In other news, the 2015-2016 season doesn’t look as strong as it did in the table before, mainly because the negatives of a 3-9 football season and 11-20 basketball season were amplified, while baseball and Men’s Soccer’s postseason success were simultaneously diluted. Its drop off of -6.84 in value from the weighting system was the largest of any year.
This has become somewhat of a trend recently as four straight years of negative ratings in basketball and football have really dampened some soccer and baseball success. However, due to the formers’ heavier weights, that could change dramatically in 2016-17 with simply average performances.
Speaking of average, a standard mediocre year for Wake Forest sports should fall in the range of 7.0-9.0 in the rating system depending on the number of bonuses each team can pick up through draft picks, top 25 wins, and potential tournament/bowl appearances.
The most average year possible assuming...
- An overall average record around .500 for all programs (Compensating of course for basketball and baseball’s tendency for a weak non-conference schedule)
- A .500 record against all rivals in all sports
- A dead middle finish in the ACC standings across all sports
- A 0% change in attendance or recruiting from the selected years
- And an average amount of draft picks, top 25 wins, and chances of a tournament appearance (Obviously higher for a football team at 6-6 than a basketball or soccer team hovering around .500)
...leaves us with a weighted DEAC Score of 8.00.
That rating is something that Wake Forest sports hasn’t reached since 2010, but it could potentially be reached in 2016-2017 with a little bit of improvement.
BSD Roundtable Part I: Who will have a breakout season on offense? https://t.co/2CjjCabzjz— Jake (@BloggerSoDear) August 19, 2016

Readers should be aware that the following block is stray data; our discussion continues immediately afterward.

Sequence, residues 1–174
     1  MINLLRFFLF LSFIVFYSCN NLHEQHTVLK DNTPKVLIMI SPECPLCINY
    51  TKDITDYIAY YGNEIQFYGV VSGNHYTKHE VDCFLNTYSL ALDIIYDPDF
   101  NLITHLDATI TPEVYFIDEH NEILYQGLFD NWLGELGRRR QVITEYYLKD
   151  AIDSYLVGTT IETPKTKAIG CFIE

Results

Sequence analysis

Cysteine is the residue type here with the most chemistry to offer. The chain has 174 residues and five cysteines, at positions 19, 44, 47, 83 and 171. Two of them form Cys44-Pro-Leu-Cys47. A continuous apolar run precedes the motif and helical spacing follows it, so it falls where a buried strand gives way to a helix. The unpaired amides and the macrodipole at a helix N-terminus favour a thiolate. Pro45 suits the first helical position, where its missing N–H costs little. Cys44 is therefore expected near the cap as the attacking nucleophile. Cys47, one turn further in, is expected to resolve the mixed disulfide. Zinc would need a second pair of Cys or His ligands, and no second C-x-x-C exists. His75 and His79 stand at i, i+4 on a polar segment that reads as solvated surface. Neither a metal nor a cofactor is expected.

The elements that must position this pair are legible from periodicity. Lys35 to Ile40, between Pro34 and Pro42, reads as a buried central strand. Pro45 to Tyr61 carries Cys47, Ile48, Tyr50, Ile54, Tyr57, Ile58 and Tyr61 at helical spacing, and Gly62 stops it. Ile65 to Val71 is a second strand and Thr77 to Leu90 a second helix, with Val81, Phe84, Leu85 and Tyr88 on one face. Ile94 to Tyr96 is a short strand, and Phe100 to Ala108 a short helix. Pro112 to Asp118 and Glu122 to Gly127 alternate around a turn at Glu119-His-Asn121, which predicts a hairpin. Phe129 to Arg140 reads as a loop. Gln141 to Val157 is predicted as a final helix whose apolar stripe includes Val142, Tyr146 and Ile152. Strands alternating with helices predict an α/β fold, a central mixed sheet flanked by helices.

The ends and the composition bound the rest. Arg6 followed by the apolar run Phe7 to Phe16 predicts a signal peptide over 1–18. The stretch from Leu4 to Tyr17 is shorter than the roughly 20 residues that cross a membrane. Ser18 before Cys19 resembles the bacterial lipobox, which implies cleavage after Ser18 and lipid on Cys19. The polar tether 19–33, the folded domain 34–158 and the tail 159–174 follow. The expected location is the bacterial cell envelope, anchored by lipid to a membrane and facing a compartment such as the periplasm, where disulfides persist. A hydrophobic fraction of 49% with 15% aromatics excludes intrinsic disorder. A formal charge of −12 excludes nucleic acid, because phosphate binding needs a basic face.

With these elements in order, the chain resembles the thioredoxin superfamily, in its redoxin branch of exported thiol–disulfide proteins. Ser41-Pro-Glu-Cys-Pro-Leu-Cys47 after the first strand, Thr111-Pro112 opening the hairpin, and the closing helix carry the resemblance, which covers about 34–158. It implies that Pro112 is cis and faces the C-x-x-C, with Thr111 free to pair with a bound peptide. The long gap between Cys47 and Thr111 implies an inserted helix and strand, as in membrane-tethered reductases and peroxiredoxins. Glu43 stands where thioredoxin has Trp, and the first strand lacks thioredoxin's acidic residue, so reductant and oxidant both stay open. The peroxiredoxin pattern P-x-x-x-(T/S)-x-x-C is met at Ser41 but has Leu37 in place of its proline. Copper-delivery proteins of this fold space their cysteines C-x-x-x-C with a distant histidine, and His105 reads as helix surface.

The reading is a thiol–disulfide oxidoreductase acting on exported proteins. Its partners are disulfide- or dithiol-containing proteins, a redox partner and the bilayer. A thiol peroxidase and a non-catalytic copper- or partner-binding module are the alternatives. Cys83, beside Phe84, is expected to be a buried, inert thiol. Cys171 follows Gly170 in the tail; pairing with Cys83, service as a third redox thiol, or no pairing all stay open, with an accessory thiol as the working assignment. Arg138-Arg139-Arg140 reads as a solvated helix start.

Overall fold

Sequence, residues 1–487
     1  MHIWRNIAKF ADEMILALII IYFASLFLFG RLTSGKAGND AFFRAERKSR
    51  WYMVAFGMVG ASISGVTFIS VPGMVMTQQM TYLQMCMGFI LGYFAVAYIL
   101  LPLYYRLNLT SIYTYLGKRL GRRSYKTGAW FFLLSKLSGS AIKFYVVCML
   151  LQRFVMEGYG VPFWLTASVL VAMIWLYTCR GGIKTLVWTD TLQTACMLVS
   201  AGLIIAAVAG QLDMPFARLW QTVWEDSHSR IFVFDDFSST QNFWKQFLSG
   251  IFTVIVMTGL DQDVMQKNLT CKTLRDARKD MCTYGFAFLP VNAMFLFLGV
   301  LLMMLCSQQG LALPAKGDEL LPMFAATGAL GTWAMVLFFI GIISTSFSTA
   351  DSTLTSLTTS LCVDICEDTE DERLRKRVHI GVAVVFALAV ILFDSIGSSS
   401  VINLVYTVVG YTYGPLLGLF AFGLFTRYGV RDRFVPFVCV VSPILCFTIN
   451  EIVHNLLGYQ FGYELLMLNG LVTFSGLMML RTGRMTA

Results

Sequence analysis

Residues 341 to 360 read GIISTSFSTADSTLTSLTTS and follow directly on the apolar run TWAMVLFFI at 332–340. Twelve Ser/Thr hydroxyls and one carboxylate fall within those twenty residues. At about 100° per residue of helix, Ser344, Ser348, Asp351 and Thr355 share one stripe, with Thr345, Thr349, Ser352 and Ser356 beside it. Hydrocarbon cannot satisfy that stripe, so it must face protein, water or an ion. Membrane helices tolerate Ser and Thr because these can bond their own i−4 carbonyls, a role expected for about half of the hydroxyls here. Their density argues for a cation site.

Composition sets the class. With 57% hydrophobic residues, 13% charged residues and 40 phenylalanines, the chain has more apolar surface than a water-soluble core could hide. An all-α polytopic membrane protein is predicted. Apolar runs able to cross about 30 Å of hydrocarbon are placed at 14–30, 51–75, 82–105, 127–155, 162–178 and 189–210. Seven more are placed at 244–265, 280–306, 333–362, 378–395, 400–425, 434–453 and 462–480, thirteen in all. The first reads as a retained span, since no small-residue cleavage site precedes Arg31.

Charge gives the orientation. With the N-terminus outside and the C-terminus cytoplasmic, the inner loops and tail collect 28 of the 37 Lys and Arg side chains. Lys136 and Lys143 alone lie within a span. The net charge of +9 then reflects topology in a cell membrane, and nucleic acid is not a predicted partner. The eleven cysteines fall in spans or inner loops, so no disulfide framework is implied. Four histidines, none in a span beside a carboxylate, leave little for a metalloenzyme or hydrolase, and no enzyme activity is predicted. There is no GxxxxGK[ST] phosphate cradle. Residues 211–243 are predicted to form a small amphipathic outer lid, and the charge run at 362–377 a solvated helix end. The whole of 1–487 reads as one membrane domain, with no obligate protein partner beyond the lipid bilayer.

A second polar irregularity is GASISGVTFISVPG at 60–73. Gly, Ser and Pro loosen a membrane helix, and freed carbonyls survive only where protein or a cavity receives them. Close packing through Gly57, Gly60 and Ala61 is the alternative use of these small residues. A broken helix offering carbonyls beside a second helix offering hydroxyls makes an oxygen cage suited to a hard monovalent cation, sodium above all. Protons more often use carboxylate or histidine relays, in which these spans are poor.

Let’s have a look at what a strong football season could potentially do to set up the other three sports for eclipsing this 8.00 DEAC Score mark later in the year.
I’ve set up three types of projections for how the 2016 football season could go based on the strength of schedule, overall talent, and other miscellaneous factors. I don’t think I’m really going out on a limb here by saying a best case scenario is 7-5, worst case scenario is 4-8, and a 6-6 bowl game appearance is the most likely finish.
How would these results perform in the DEAC Score formula? Two of them will put the Deacs on pace for an above-average year, while the third would force basketball to make up a lot of ground this winter. (Note: The .500 or above projections of course do not take into account the potential bowl game result, which would sway the final value by .165 in either direction.)
There aren’t many Top 25 victories available considering the likely only other ranked opponent not named Clemson or FSU would come in the form of Louisville on the road. This prevents WF football from getting a large boost in that category, while the draft class also might not be more than 3 deep realistically. Regardless of record, attendance figures would be hard-pressed to surpass the 30,222 average of the previous 10 years and thus will likely lead to some negatives in that department, while the recruiting percent +/- really depends if the staff adds anyone else in the class.
Overall, a 6-6 season for Coach Clawson and co. would put Wake Forest on a solid path to being above 8.0 in the system for the year between these four sports given that basketball and baseball should be about average and soccer is projected to be a top five team in the nation once again.
Well, that concludes the two-part series of A Decade of Demon Deacon Sports for now. I hope you enjoyed the project and if it helps you win an argument with a fellow Deac or simply reflect on some seasons you haven’t thought of in a while that’s all I was really hoping for.
I’d like to make one final note that the rankings above are strictly to help see the last 10 years from potentially a different perspective, and I’m sure there are various personal perceptions of the last decade due to different preferences for sports or emotional connections to individual teams that lead to alternate conclusions.
With that being said, feel free to ask questions about formulas, statistics, or whatever else is on your mind in the comments below. I’d love to hear where fans personally rank the years based on their own experience.
Lastly, you can follow me on Twitter @DeacFan3 for more Wake Forest statistics and news. Looking forward to seeing you all in two weeks when yet another exciting year of Demon Deacon sports is upon us.